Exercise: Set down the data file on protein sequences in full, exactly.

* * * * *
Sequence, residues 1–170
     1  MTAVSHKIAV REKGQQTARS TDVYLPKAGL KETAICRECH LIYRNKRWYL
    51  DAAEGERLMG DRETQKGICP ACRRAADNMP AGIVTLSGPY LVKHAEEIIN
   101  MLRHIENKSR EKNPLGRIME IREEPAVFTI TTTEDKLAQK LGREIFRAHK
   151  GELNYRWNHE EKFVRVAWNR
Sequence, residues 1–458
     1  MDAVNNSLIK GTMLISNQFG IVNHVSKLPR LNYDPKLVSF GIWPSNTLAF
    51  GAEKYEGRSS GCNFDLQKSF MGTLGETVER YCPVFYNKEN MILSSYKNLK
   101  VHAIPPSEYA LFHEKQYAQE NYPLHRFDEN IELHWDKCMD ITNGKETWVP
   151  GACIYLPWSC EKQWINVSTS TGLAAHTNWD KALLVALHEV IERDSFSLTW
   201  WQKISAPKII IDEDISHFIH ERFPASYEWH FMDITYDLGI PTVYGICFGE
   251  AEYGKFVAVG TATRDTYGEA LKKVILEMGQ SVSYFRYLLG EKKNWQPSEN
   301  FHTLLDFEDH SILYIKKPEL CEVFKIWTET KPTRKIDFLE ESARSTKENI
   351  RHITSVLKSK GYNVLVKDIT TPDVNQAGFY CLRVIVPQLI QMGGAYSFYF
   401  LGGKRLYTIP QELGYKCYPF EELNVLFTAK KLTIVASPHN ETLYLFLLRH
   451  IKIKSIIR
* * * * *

Sequence, residues 1–170
     1  MTAVSHKIAV REKGQQTARS TDVYLPKAGL KETAICRECH LIYRNKRWYL
    51  DAAEGERLMG DRETQKGICP ACRRAADNMP AGIVTLSGPY LVKHAEEIIN
   101  MLRHIENKSR EKNPLGRIME IREEPAVFTI TTTEDKLAQK LGREIFRAHK
   151  GELNYRWNHE EKFVRVAWNR
Sequence, residues 1–458
     1  MDAVNNSLIK GTMLISNQFG IVNHVSKLPR LNYDPKLVSF GIWPSNTLAF
    51  GAEKYEGRSS GCNFDLQKSF MGTLGETVER YCPVFYNKEN MILSSYKNLK
   101  VHAIPPSEYA LFHEKQYAQE NYPLHRFDEN IELHWDKCMD ITNGKETWVP
   151  GACIYLPWSC EKQWINVSTS TGLAAHTNWD KALLVALHEV IERDSFSLTW
   201  WQKISAPKII IDEDISHFIH ERFPASYEWH FMDITYDLGI PTVYGICFGE
   251  AEYGKFVAVG TATRDTYGEA LKKVILEMGQ SVSYFRYLLG EKKNWQPSEN
   301  FHTLLDFEDH SILYIKKPEL CEVFKIWTET KPTRKIDFLE ESARSTKENI
   351  RHITSVLKSK GYNVLVKDIT TPDVNQAGFY CLRVIVPQLI QMGGAYSFYF
   401  LGGKRLYTIP QELGYKCYPF EELNVLFTAK KLTIVASPHN ETLYLFLLRH
   451  IKIKSIIR